• avatar
    -Nate

    The hole on the bumper there , takes me back to my Down East Childhood .

    I owned a 1976 Buick version of this car , a Pilot died and his grieving Father came to ask us to take it off his hands , $350 , only a few years old but *very* high mileage , V6 and stick shift , it ran O.K. but was rather tight between the door and the center tunnel hump .

    I flipped it in a few weeks , wasn’t anything special , not fuel efficient either .

    A Lady in my Shop had one she’d bought new , she liked it a lot .

    -Nate

  • avatar
    Rod Panhard

    The last two times I saw Pontiac Sunbirds, they were both being converted into “firebirds.”

    – the first was on the side of Interstate 75 near Ocala. The car had caught fire.

    – the second was on the infield at the 12 Hours of Sebring. The owners had driven it around the infield all day, valves floating, car sputtering, blue smoke keeping the mosquitoes at bay, and then finally, after the race was over, and the gas was gone, they just parked it on a smoldering bonfire.

    The Sunbird/Monza/Skyhawk belong on the list of “GM’s Worst Cars.” How many other cars out there required the mechanic to loosen the engine mounts so the position of the engine could be shifted to facilitate spark plug removal?

    • 0 avatar
      TheDoctorIsOut

      As the disappointed owner of a 1978 v6 Sunbird this the frequency of this occurring was due to the placement of the fuel line which was a rubber hose running across the back of the engine at the firewall. We were quite fortunate in coming down from a mountain resort for one weekend that the car did not turn into a ball the flaming death as I was able to shut off the engine and glide down the hill into a gas station at the base once we were smelling of excessive amount of gasoline. When we open the hood the sound deadening pad underneath was just dripping gasoline. It was a miracle that the car hadn’t caught fire. Mechanic at the station told us this was quite common in these cars as this body had steel fuel lines of course running from the gas tank, and a steel line coming from the carburetor to the firewall, but To bridge the gap between the two at the firewall it was just a rubber hose which tended to easily crack and spray fuel. I replaced it with an Earls Aeroquip braided steel hose once we made it hone but shortly there after the rear sway bar broke loose for the third time we sold the car shortly thereafter.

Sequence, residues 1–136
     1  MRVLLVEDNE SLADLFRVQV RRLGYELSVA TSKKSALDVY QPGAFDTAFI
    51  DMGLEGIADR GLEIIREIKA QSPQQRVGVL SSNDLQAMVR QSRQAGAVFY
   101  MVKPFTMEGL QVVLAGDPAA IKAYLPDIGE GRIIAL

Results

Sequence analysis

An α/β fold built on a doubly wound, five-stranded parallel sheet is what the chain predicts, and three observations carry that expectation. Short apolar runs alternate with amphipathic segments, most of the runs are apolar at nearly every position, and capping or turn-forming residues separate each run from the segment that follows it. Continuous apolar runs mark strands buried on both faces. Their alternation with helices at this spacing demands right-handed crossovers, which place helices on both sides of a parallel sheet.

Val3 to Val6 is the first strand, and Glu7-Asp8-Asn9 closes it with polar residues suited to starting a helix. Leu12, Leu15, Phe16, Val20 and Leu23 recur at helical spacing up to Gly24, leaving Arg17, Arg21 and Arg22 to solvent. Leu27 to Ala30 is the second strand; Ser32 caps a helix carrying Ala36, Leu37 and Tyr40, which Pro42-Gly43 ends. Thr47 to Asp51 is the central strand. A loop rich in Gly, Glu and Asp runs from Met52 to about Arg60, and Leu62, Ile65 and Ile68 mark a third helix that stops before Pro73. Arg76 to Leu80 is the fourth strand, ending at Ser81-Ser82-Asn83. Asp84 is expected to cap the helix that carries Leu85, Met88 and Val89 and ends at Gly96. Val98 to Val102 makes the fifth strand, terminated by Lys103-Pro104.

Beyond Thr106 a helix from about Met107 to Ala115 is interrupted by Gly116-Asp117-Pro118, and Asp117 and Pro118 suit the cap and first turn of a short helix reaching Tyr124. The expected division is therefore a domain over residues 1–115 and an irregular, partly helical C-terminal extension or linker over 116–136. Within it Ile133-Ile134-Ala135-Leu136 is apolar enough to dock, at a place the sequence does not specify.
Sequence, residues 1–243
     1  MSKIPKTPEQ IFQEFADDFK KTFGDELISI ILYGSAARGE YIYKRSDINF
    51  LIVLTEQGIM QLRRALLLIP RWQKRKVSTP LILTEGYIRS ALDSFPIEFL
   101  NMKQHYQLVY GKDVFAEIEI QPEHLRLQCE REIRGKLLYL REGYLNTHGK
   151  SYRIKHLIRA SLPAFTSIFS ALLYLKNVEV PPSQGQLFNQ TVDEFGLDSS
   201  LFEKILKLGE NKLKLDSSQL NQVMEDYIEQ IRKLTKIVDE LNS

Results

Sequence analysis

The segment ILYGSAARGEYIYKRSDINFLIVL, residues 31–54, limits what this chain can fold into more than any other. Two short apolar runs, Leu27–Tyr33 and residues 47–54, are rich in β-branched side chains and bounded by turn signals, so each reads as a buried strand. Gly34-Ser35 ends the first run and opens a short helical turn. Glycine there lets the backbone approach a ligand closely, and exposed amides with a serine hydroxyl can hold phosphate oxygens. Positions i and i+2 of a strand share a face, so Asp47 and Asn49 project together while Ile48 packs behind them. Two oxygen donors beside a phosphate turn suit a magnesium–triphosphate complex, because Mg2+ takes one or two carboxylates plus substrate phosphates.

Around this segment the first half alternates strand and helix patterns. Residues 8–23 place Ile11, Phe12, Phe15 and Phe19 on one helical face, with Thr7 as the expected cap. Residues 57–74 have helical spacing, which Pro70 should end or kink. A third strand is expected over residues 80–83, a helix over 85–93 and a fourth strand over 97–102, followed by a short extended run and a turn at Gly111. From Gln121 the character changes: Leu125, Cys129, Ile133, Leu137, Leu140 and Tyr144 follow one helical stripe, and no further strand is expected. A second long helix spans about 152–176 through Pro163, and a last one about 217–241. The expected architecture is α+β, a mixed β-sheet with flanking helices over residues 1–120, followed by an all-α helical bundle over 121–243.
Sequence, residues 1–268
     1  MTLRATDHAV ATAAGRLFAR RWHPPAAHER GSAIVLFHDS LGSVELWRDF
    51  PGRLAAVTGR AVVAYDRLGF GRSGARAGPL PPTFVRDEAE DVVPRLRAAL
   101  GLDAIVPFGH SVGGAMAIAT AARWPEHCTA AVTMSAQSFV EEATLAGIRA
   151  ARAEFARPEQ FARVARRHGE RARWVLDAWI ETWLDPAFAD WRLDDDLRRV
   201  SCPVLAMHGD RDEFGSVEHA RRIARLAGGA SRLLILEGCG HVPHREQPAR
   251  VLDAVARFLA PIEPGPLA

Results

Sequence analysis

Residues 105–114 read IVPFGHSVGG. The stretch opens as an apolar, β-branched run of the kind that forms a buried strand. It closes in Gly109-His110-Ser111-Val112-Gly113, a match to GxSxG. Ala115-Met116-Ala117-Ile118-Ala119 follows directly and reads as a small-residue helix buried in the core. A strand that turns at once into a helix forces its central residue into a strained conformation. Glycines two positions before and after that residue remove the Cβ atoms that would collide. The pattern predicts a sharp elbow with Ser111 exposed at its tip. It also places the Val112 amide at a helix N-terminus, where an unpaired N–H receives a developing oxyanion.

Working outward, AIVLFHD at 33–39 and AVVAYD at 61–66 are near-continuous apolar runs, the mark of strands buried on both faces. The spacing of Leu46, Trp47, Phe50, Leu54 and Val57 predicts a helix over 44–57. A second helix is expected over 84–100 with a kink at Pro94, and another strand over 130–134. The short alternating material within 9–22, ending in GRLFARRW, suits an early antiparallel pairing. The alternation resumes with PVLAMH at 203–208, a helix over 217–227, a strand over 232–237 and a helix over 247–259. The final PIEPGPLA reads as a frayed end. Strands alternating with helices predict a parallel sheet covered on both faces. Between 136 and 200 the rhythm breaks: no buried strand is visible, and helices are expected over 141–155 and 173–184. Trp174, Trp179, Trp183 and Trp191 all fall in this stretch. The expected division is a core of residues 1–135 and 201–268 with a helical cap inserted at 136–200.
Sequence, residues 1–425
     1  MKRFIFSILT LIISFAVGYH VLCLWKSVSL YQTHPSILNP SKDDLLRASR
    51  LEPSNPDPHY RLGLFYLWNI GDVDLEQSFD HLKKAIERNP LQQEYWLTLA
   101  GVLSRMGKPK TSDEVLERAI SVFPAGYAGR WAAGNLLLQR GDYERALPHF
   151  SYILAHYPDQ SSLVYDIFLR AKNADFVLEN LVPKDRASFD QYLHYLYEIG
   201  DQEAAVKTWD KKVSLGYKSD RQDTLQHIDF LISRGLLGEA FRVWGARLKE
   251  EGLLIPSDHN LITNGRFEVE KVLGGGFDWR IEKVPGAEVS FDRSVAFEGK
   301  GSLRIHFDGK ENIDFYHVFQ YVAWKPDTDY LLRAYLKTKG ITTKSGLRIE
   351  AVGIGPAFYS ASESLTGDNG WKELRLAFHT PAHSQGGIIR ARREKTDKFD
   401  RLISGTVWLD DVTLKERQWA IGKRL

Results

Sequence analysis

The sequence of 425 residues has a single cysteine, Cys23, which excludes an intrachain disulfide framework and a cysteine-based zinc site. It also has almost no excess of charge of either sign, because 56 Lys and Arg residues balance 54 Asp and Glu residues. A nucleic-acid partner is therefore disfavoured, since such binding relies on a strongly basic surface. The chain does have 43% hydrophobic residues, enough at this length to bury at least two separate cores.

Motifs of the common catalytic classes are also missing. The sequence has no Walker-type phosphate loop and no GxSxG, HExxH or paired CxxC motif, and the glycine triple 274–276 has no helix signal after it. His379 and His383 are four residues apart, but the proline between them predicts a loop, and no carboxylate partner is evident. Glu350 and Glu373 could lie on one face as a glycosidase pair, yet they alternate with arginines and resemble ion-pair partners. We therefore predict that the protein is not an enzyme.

• 0 avatar
        wstarvingteacher

        I owned the Olds twin to this thing. 231/auto. I had it for about a year and it had neither the original engine or transmission (replaced under warranty) when I traded it off. The reason I placed the comment here is the fire it had before the last repair. I was stationed in Little Creek Amphib base and the thing backfired and caught fire at a light on Virginia Beach Blvd.

        I had one other miserable piece of crap from the general that had similar traits of being either a wonderful vehicle or being broken. There was no in between. My 2002 Saturn Vue which was the first year. At least the vue had over 180k miles when it threw the timing chain and killed itself. The starfire had under 30k. On paper it was a great car and I think the Iron Duke and MT would have made it one. I’m not even sure they were available for Olds. The 3800 was a great engine but until they worked out the problems it was miserable.

        Traded it for a 78 Concord with 258 and auto. Took that to Guam and left it there when I retired. Missed the AMC but the Starfire was like hitting yourself in the head with a hammer. It felt so good when you stopped.

    • 0 avatar
      formula m

      Or were they early concept models that evolved into “sunfires”

  • avatar
    FreedMike

    These were pretty cars…but they were junk. At least GM styling could still get it on in the ’70s.

  • avatar
    jmo

    Good article on what a disaster these cars were.

    http://www.carlustblog.com/2010/12/the-chevrolet-vega-what-went-wrong.html